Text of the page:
سبک نوسان ناسازگار در اضطراب اجتماعی
|کد مقاله||سال انتشار||مقاله انگلیسی||ترجمه فارسی||تعداد کلمات|
|33075||2008||8 صفحه PDF||سفارش دهید||محاسبه نشده|
Publisher : Elsevier - Science Direct (الزویر - ساینس دایرکت)
Journal : Behavior Therapy, Volume 39, Issue 1, March 2008, Pages 57–64
This exploratory study examined the relationship between the looming maladaptive style (i.e., an enduring and traitlike cognitive pattern to appraise threat as rapidly rising in risk, progressively worsening, or actively speeding up and accelerating) and three different aspects of trait social anxiety (i.e., fear of negative evaluation, social interaction anxiety, and public scrutiny fears) as well as general anxiety and depression. A large nonclinical, female-only sample (n = 152) completed the Looming Maladaptive Style Questionnaire–II (Riskind, J. H., Williams, N. L., Theodore, L. G., Chrosniak, L. D., & Cortina, J. M. (2000). The looming maladaptive style: Anxiety, danger, and schematic processing. Journal of Personality and Social Psychology, 79, 837–852), which assesses two types of looming vulnerability: social (i.e., looming appraisals in response to potentially threatening social situations) and physical (i.e., looming appraisals in response to potentially threatening physical stimuli). Multiple regression analyses indicated that social looming uniquely predicted fear of negative evaluation, social interaction anxiety, and public scrutiny fears, accounting for 7%, 4%, and 3% of the variance, respectively. However, social looming did not predict depression. These findings support the looming model of anxiety and encourage further attention to the possible role of social looming as an anxiety-specific vulnerability factor in social anxiety.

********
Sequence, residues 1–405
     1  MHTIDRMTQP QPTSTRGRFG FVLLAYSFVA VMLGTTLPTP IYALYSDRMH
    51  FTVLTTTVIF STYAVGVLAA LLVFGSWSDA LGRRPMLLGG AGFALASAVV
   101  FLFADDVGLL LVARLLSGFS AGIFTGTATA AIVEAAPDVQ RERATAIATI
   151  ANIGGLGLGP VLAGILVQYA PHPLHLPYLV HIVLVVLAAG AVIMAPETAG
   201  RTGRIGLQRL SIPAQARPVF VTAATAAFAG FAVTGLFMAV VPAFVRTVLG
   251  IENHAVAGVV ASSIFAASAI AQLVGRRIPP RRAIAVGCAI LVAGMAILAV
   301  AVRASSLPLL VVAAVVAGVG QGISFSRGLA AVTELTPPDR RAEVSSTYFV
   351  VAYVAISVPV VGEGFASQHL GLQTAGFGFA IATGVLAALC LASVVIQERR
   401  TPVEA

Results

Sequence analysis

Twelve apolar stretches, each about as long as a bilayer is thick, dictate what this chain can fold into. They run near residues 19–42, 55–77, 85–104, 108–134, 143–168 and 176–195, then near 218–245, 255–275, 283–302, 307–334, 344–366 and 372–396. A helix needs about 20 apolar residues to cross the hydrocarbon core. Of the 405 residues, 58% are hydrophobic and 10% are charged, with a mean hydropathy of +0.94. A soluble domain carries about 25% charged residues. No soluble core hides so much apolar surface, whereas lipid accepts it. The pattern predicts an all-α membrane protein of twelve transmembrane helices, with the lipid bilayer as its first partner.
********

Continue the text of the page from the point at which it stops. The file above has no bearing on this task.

Contemporary cognitive-behavioral models of social phobia (e.g., Clark and Wells, 1995 and Rapee and Heimberg, 1997) focus predominantly on the content of cognition, particularly at the knowledge and appraisal levels (e.g., on negative beliefs, thoughts, and images in anxiety). Although the content of cognition is clearly important in determining the nature of social phobia, the process—namely, how people think—and the cognitive style that give negative thoughts and images their salience are also important dimensions that might have implications for the disorder. For example, in a recent qualitative study that explored high socially anxious individuals’ anticipatory processing (Brown & Stopa, in preparation), one theme that emerged from the data was that individuals described anticipatory processing in dynamic terms. One individual described how she responded to being invited to an interview: “… my hands start sweating … and then it accelerates, like two or three days before it.” Another participant said, “… the closer it comes to the [event], then the more acutely aware you become of it, and then it just goes whoosh!” These descriptions suggest that we might need to look at broader aspects of cognition, and to focus explicitly on process, in order to better understand threat appraisals in social anxiety. So how can we conceptualize a more dynamic view of threat appraisals in social anxiety? According to the model of looming vulnerability (Riskind, 1997), anxiety is related to differences in how individuals generate mental representations of dynamically increasing danger and rapidly rising risk (Riskind and Williams, 1999 and Riskind et al., 2000). According to this model, a unique feature of the mental representations generated by anxious individuals is the perception of danger as unfolding and intensifying as one projects oneself into an anticipated future. This is like playing and replaying a movie or a videotape of a threat that is approaching, in which the threat is perceived as a dynamic object that is rapidly changing and rearranging itself in time and space (Riskind). This sense of looming vulnerability is differentiated from imminence, that is, perceived proximity, as a stimulus can be far away while quickly approaching or close by but motionless. The dynamic aspect creating fear in this model is the degree to which the stimulus is appraised as looming. With each moment that the stimulus advances, it becomes more threatening, and the individual perceives an increasing risk of losing control over the situation and his or her emotional response to it. The looming model adds specificity to cognitive models of social phobia that are mainly, although not exclusively, content-based (Clark and Wells, 1995 and Rapee and Heimberg, 1997). Riskind’s (1997) model assumes that an individual’s sense of looming vulnerability can occur in two forms. One is in response to threat in specific situations, whereas the other occurs as a more general cognitive disposition in clinical anxiety. For the latter, Riskind proposed the looming maladaptive style (LMS) as a general cognitive disposition, in which threat is judged as rapidly rising in risk and danger. The LMS is conceptualized as an evolutionary-based process of threat appraisal that biases the ways in which individuals mentally represent the spatial and temporal progression of potential future threat. Consequently, individuals who develop the LMS are likely to have difficulty habituating to possible threats and show increased vigilance, anxiety, and use of safety behaviors ( Riskind; Riskind, Long, Duckworth, & Gessner, 2004). The LMS is also hypothesized as a unique cognitive risk factor for anxiety, but not for depression ( Riskind et al., 2000). The LMS has been investigated across a number of samples and in a number of anxiety disorders. Riskind et al. (2000) demonstrated that higher scores on the Looming Maladaptive Style Questionnaire–II (LMSQ-II1; Riskind et al.) were significantly related to higher levels of anxiety, measured on the Beck Anxiety Inventory (BAI; Beck, Epstein, Brown, & Steer, 1988) and the State-Trait Anxiety Inventory (Spielberger, Gorsuch, & Lushene, 1970), in an unselected university sample. However, the LMS was not related to depression. Riskind and Williams (2005) showed that LMS scores were significantly elevated in both students who had a probable diagnosis of generalized anxiety disorder (GAD) and a clinical GAD group, compared to students, community controls, and depressed patients. In the two studies reported in the paper, the probable GAD and clinical GAD groups differed in LMS scores, independently of generally anxious and depressive symptoms. Collectively, these studies support the specificity of the LMS to anxiety. Williams, Shahar, Riskind, and Joiner (2005) examined whether the social and physical looming scales of the LMSQ-II predicted common variance in the following anxiety disorder symptoms: obsessive-compulsive concerns, posttraumatic stress, generalized anxiety, specific phobic fears, and fear of negative evaluation (assessed by the Brief Fear of Negative Evaluation scale [BFNE]; Leary, 1983), independently of depressive symptoms. Structural Eq. modeling (SEM) showed that the LMS predicted shared variance in a range of anxiety disorder symptoms, even after controlling for depression. Importantly, SEM revealed a specific link between social, but not physical, looming and fear of negative evaluation. Additionally, the correlation matrix provided by Williams et al. (2005) suggested that the Social Looming subscale of the LMSQ-II correlated more highly with fear of negative evaluation than the Physical Looming subscale. Reardon and Williams (2007) replicated and extended Williams et al.’s (2005) study by testing the prediction that the LMS is an anxiety-specific vulnerability. Williams et al. had modeled depression as an independent variable and left the specificity of the LMS to anxiety untested. Reardon and Williams modeled depression as a dependent variable, in order to estimate its relationship to the LMS. They showed that the LMS demonstrated specificity only in predicting anxiety disorder symptoms, including social phobia (measured by the Social Phobia Diagnostic Questionnaire; Newman, Kachin, Zuellig, Constantino, & Cashman-McGrath, 2003). Furthermore, similar to Williams et al.’s findings, SEM demonstrated a specific link between social looming and social phobia, but not between physical looming and social phobia. Social looming also correlated more highly with social phobia than physical looming. Collectively, Williams et al.’s and Reardon and Williams’ findings suggest specificity of social looming to fear of negative evaluation and social phobia, but not to depression. The aim of the present study was to partially replicate and extend the two studies described above by examining multiple aspects of trait social anxiety, while controlling for general anxiety and depression. The three trait aspects were social interaction anxiety (assessed by the Social Interaction and Anxiety Scale [SIAS]; Mattick & Clarke, 19982), fear of negative evaluation (assessed by a straightforwardly worded version of Leary’s (1983) BFNE scale [BFNES-II]), and public scrutiny fears (assessed by the Social Phobia Scale [SPS]; Mattick & Clarke, 1998). In this study, the SIAS, BFNES-II, and SPS were used together, so that a wide range of the cognitive and behavioral aspects believed to underlie social anxiety could be examined. The BFNES-II assesses maladaptive cognitions associated with fear of negative evaluation, the SPS assesses fears of being scrutinized during routine activities (e.g., eating, drinking, or writing), and the SIAS assesses general social interaction anxiety (e.g., being boring when meeting or talking with other people). General anxiety was assessed by the BAI (Beck & Steer, 1990). The current study tested the prediction that social looming functions as a specific cognitive diathesis to trait social anxiety, but not to depression. Specificity would be demonstrated if social looming significantly accounted for variance in trait social anxiety only. We therefore predicted that social, but not physical looming, would be a significant and unique predictor of trait social anxiety, but not of depression. This prediction also follows from cognitive models of social phobia (Clark and Wells, 1995 and Rapee and Heimberg, 1997), as the cognitive profile of social anxiety centers on aspects of trait social anxiety such as fear of negative evaluation, rather than on, say, the misinterpretation of bodily (physical) symptoms found in panic disorder.